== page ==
[WikiEN-l] Tearing down the Chinese Firewall

Erik Moeller eloquence at gmail.com
Sun May 14 21:53:39 UTC 2006

On 5/14/06, Jimmy Wales <jwales at wikia.com> wrote:

> Our official position is that the block is in error, that there is
> nothing about Wikipedia in general which fits into the category of
> things that are normally blocked, and we hope that the block will
> eventually be lifted when we are able to reach the right decision makers
> to explain the situation to them.

I hope so, too, though it seems even less likely now that local
corporate interests (Baidu.com) are involved as well. There are at
least three things we can also do which, I hope, are relatively


There are NPOV pages on Wikipedia and Wikibooks about Internet
censorship and the "Great Firewall" in particular:


Improving this information and keeping it up to date almost certainly
guarantees its (read-only) availability due to its free content
nature, at least against origin-based filters.


Improving our mechanisms of authentication and authorization will, as
a side-effect, allow any user of Tor or similar anonymization tools to
go through a process of creating a trusted account (which might be
upgraded in several steps) for editing. This will be especially
relevant when we have single login, and moreover, when we start
federating our authentication system with other websites. The process
could consist of a new user first having to chat with a human to get
permanent editable access, or having to go through a captcha-like
process. The user would be pseudonymous, and the pseudonymous identity
would be protected by whatever tool they use.

This is by no means limited to China or even to the problem of
censorship. Selective authorization of trusted users within a
non-trusted group is equally applicable, for instance, to the problem
of vandalism from school IPs.


If the new Chinese fork by Baidu.com changes GFDL content, whether
they like it or not, we are legally allowed to incorporate their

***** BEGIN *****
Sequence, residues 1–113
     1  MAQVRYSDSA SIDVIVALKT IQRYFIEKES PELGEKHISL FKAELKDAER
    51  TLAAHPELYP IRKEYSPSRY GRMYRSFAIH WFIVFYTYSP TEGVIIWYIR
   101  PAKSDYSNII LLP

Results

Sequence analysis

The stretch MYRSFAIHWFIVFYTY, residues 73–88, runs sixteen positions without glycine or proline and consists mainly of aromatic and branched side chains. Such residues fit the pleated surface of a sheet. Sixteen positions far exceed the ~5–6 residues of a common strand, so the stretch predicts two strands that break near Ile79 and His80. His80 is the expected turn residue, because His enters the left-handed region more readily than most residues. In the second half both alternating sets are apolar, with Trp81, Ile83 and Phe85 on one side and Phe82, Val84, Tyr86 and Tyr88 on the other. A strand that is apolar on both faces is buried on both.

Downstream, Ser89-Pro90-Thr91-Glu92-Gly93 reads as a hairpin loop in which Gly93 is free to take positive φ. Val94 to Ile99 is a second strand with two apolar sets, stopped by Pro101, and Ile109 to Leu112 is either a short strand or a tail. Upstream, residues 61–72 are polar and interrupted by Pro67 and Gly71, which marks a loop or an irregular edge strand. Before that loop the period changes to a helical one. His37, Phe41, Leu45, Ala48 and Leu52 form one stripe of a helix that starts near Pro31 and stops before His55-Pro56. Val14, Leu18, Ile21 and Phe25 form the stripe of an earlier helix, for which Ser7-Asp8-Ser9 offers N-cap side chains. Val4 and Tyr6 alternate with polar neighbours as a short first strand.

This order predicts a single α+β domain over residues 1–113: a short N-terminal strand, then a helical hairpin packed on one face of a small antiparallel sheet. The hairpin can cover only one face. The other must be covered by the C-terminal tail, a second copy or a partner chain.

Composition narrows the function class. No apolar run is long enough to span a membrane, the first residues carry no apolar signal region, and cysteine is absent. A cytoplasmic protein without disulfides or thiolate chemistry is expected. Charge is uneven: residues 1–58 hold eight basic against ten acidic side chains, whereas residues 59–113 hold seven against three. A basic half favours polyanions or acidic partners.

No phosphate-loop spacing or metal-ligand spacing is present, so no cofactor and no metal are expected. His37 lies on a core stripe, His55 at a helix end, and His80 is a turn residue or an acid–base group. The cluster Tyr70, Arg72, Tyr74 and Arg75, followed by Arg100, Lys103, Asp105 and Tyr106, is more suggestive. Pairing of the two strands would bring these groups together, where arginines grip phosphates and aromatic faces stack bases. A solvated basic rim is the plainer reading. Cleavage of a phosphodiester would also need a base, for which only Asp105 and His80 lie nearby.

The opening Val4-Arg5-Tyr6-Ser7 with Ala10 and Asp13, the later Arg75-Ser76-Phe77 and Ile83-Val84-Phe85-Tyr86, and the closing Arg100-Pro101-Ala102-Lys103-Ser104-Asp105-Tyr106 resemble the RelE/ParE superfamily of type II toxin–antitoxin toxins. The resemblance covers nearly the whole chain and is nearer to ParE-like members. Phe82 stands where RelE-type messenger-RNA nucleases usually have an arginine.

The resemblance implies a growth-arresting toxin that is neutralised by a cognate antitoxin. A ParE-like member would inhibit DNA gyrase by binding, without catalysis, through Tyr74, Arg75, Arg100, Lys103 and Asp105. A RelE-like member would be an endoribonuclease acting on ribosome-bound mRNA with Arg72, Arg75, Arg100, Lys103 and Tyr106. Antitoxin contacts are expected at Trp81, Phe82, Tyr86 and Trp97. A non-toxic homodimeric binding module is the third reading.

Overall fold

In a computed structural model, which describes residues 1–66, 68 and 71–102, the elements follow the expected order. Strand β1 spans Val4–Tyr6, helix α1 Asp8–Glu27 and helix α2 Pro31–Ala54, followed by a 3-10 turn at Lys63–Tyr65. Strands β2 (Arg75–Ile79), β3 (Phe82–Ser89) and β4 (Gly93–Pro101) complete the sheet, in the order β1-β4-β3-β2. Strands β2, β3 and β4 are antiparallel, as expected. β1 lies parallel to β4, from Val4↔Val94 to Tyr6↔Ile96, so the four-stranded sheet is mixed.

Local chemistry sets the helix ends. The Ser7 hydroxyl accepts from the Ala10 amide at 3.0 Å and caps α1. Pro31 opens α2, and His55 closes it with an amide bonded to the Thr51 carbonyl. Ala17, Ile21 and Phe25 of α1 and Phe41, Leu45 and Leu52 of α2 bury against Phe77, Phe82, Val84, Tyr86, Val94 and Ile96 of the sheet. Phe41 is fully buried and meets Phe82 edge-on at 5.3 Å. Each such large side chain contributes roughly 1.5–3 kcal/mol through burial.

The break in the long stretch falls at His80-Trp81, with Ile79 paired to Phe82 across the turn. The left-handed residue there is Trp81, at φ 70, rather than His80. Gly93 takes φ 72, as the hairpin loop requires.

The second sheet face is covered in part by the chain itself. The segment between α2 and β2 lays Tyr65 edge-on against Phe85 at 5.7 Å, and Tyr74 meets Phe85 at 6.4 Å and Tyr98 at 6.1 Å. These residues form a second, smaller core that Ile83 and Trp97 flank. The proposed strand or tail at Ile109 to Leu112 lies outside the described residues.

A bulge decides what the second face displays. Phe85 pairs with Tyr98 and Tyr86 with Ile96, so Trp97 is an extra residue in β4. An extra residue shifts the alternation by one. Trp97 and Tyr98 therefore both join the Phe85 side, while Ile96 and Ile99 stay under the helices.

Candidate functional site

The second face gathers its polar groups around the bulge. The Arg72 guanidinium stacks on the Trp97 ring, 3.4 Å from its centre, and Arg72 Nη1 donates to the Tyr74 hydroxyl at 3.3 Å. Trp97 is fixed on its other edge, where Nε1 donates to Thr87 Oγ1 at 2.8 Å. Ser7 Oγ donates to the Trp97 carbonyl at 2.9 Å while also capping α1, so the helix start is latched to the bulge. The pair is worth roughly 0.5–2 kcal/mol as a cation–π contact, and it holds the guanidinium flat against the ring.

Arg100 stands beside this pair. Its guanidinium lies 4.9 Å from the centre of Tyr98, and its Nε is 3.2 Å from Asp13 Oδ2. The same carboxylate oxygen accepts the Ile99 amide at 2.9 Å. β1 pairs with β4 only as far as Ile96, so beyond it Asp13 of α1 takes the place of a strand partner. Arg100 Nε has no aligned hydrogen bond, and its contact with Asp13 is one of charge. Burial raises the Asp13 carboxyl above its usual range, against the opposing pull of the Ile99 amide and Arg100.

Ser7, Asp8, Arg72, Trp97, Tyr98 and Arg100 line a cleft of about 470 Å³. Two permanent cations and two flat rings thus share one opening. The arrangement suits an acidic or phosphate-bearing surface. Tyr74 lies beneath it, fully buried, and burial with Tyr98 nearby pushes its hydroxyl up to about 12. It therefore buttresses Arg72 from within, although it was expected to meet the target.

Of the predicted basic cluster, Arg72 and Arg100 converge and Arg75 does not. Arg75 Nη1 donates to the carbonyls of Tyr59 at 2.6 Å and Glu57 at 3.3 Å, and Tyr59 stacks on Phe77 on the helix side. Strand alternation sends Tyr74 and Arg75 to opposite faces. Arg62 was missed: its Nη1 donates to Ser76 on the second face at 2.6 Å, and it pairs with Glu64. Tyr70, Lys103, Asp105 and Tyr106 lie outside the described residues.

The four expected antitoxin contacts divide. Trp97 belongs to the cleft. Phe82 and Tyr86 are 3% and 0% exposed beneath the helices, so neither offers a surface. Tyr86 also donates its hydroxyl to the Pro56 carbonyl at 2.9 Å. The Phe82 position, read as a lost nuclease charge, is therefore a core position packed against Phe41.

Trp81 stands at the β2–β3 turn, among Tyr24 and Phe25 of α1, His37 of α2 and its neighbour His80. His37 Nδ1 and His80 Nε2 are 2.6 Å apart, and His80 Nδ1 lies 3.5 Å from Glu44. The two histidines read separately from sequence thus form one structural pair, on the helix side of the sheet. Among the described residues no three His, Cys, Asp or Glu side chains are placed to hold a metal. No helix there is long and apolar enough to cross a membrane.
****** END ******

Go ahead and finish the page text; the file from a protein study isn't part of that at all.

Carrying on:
improvements into the Chinese Wikipedia (provided that Baidu or the
contributors have the exclusive rights to the content in the first
place).  This situation is not entirely dissimilar to the Spanish
Wikipedia fork "Enciclopedia Libre" which, for some time, was quite
successful. At the time, I was told that Spanish Wikipedians were
actively copying over improvements. I hope the same will happen on


Now, if we do all this, there's one additional little step we could
take. As noted above, the fact that Wikipedia is free content itself
helps to guarantee the availability of the text. So, while China's
Wikipedia block is bad, I think in the long run it primarily hurts
editors, not readers, who will hopefully find mirrors of the content.
Now imagine most mirror copies of Wikipedia content carried a notice
like this (in the applicable language):

"The Wikipedia article ''Galileo Galilei'' is licensed under the [[GNU
Free Documentation License]] (see [[history]]). The [[latest, openly
editable version]] of the article is located on Wikipedia. If you
cannot access or edit Wikipedia, please see the [[Wikimedia Content
Access Guidelines]]." [*]

This last link would point to a locally hosted copy of a file which
explains various issues, including prominent information about
accessing Wikipedia through any kind of filter, and about setting up a
trusted account for editing as described under b) above.

Getting these guidelines included by mirrors could, perhaps, be
accomplished by attaching a footer like this to our database and HTML
dumps.  It would be clear that these guidelines exist not for
political reasons, but as a matter of providing and protecting access
to knowledge. It seems to me that giving a child in Africa a free
encyclopedia or textbook is, inherently, based on the same motivation
as giving a child in the PRC access to our knowledge and learning
resources, to wit:

"Imagine a world in which every single person is given free access to
the sum of all human knowledge. That's what we're doing."

To me, this easily translates to: "We don't care who you are or where
you live. If you cannot read or edit Wikipedia, we will help you." Far
from an all-out campaign against censorship (which I support
separately, but not necessarily wtihin Wikimedia), it would be a small
step to try to better inform those who cannot otherwise contribute,
and who are aware of the risks.


[*] Anthony, you don't need to tell me about the literal requirements
of the GFDL. :-)

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